Italy has a wide range of options from B&Bs, boutique hotels, hotel chains, villas, and apartments in every city and region of Italy.

Learn the basics

While many Italians do speak some English, especially in the larger cities, it is still a good idea to learn a few key phrases in Italian.

  • Buon giomo (good day)
  • Buona notte (good night)
  • Arrivederci (goodbye)
  • Ciao (hello and goodbye)
  • Grazie (thank you)
  • Per favore (please)
  • Si (yes)
  • No (no)
  • Prego (you are welcome)
  • Parla inglese (do you speak speak english?)
  • Non Capisco (I don’t understand)
  • Me scusi (excuse me)
  • Quanto costa questo (how much does this cost?)

As a holidaymaker…

I hope this list was helpful in sharing what to know before travelling to Italy. One last thing to know before visiting Italy – the kiss. A European custom, the meeting and leaving, is always with a kiss on the cheek when greeting acquaintances and friends. Kiss the person’s left cheek first and then the right. However, it really is just a light brush of the cheeks and making a kissing sound.

Ciao!

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44 Comments

  1. Wow great tips. Italy is certainly our favorite destination in Europe and longing to go back after finishing the other places we haven’t visited yet. Beating the lines is so very important when you have so much to do and time seems to be on a premium. Your guide will be so useful for us next time around. And Italian food is now a craze even in India and so when there we wouldn’t be having anything else like it was last time for us.

  2. I have been once in Venice and I loved it. The bridges, the culture, the kindness of Italian people. Once thing I do not like about Italy and my own country( I am Spanish) is that restaurants close for hours while in other European cities you can eat the whole day long. But that it is easily forgotten when you admire how much the country has to offer. This is an excellent guide for a first timer in Italy, thanks for sharing.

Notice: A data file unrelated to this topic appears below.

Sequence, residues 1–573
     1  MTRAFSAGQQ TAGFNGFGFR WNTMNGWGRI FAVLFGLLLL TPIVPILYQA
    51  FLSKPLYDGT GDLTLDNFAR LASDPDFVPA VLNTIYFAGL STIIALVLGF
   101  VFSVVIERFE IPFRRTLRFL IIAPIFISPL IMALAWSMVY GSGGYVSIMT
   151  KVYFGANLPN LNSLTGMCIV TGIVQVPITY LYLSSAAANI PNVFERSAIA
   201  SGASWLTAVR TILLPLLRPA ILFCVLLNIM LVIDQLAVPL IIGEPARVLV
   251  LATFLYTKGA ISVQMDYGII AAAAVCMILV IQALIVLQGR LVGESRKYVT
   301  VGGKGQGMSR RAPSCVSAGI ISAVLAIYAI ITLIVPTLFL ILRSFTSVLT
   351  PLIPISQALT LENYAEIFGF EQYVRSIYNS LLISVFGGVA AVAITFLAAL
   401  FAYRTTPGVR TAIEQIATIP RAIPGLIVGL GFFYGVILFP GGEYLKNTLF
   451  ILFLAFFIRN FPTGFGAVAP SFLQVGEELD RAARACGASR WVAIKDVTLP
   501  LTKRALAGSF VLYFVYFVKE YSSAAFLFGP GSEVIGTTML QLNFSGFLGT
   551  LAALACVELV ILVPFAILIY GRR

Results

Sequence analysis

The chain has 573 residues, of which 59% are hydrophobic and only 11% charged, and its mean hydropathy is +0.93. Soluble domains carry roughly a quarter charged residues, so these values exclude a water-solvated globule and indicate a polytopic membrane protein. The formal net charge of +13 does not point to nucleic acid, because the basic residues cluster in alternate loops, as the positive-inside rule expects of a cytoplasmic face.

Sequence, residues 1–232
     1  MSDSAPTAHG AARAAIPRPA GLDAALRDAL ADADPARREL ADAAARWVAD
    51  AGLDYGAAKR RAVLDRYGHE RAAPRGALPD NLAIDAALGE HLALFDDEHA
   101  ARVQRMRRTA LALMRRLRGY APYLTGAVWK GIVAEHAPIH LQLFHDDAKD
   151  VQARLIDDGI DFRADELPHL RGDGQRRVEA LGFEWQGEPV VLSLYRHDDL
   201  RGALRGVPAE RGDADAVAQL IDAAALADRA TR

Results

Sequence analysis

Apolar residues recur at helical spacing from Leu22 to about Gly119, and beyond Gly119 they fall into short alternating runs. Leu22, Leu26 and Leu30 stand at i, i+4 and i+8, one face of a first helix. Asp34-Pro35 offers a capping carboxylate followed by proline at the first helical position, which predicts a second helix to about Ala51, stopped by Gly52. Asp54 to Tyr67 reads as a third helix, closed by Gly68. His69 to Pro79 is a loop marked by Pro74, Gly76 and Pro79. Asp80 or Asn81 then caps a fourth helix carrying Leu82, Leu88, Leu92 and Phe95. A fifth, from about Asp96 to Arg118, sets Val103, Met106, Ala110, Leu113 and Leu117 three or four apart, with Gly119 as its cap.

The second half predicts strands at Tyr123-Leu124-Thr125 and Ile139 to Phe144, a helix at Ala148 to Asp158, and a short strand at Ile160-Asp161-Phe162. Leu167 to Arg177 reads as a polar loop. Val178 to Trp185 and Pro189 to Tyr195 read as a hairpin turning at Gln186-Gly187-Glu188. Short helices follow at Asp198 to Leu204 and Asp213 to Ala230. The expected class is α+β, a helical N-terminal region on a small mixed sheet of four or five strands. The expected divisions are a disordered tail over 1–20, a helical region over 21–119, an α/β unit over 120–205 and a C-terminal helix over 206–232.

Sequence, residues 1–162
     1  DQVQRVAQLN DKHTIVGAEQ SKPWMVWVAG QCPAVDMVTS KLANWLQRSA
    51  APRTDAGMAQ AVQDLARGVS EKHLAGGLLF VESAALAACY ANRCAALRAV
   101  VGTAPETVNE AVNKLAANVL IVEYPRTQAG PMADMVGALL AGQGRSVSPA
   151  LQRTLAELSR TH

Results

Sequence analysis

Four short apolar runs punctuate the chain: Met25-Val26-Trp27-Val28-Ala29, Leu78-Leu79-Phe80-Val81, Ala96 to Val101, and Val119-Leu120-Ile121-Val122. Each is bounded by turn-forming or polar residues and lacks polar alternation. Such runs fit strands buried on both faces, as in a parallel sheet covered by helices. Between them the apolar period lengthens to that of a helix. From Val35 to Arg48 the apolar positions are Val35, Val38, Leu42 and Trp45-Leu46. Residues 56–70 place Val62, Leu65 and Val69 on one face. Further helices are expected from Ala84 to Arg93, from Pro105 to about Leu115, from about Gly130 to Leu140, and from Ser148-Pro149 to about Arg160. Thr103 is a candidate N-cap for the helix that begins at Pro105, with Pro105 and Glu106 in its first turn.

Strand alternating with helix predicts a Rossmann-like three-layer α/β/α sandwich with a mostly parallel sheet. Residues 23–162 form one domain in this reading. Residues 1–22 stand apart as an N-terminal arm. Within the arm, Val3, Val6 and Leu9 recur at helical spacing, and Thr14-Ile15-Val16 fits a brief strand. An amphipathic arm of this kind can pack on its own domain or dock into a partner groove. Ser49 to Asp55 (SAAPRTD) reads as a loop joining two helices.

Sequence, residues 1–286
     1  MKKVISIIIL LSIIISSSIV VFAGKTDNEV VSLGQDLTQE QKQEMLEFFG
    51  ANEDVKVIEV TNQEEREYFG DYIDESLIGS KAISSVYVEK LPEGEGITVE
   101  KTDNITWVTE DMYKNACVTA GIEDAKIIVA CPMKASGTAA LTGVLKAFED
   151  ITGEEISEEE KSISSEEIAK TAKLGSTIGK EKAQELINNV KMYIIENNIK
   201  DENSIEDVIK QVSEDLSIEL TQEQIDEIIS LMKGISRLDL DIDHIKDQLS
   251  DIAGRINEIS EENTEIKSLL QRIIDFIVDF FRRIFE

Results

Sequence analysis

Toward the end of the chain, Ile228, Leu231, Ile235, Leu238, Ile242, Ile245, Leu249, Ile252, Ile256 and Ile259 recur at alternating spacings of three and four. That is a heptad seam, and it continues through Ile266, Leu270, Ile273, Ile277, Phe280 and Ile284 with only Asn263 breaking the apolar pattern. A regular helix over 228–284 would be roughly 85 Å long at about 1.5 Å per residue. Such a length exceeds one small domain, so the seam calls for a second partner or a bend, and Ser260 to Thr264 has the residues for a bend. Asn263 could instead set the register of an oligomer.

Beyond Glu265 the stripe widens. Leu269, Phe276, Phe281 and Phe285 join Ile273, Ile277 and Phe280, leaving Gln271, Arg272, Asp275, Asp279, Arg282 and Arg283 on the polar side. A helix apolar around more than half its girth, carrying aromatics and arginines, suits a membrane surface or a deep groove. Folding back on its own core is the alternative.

3. Visiting Italy for me is fantastic any time and these initial tips are fantastic to understand and appreciate a visit and better stay. I love food so the concept of having fuller and more longer meals and the customs to enjoying them are fun to do and enjoy. Also, learning basic expressions like what you have shared gets you a long way to go when you visit and greet people there.

  4. This is a perfect first-timer guide to Italy. You have nailed it by adding those bits about their customs like the way to eat like an Italian, the basic phrases etc. I also, liked your tip about looking out for those smaller lanes with limited traffic signs in case we do a self-drive – I honestly did not know of it. And yes, the tipping bit – good to know before you are fleeced or worst yet, frowned upon!

  5. A great round-up of what to expect in one of Europe’s most popular destinations. It can be a real culture shock to visit Italy for first-timers. Different foods and customs may not have been encountered anywhere else in the world. This is a thorough post giving all the best advice to prepare travellers for a visit to this most beautiful country.